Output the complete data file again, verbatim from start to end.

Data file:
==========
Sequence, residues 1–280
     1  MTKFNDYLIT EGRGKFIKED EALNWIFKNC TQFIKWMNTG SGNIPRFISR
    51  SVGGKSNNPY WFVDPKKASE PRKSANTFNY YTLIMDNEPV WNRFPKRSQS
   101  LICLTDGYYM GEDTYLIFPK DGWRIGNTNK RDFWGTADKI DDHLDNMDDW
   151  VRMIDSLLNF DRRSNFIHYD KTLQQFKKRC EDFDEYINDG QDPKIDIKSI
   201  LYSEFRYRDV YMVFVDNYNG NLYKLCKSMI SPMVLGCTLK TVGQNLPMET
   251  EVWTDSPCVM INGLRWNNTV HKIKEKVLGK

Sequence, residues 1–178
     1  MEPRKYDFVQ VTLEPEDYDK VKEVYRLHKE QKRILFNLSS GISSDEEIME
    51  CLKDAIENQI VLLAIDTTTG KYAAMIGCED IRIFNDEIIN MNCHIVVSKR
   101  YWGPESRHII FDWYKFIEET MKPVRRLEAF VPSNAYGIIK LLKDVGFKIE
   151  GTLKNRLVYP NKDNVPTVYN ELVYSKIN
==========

Sequence, residues 1–280
     1  MTKFNDYLIT EGRGKFIKED EALNWIFKNC TQFIKWMNTG SGNIPRFISR
    51  SVGGKSNNPY WFVDPKKASE PRKSANTFNY YTLIMDNEPV WNRFPKRSQS
   101  LICLTDGYYM GEDTYLIFPK DGWRIGNTNK RDFWGTADKI DDHLDNMDDW
   151  VRMIDSLLNF DRRSNFIHYD KTLQQFKKRC EDFDEYINDG QDPKIDIKSI
   201  LYSEFRYRDV YMVFVDNYNG NLYKLCKSMI SPMVLGCTLK TVGQNLPMET
   251  EVWTDSPCVM INGLRWNNTV HKIKEKVLGK

Sequence, residues 1–178
     1  MEPRKYDFVQ VTLEPEDYDK VKEVYRLHKE QKRILFNLSS GISSDEEIME
    51  CLKDAIENQI VLLAIDTTTG KYAAMIGCED IRIFNDEIIN MNCHIVVSKR
   101  YWGPESRHII FDWYKFIEET MKPVRRLEAF VPSNAYGIIK LLKDVGFKIE
   151  GTLKNRLVYP NKDNVPTVYN ELVYSKIN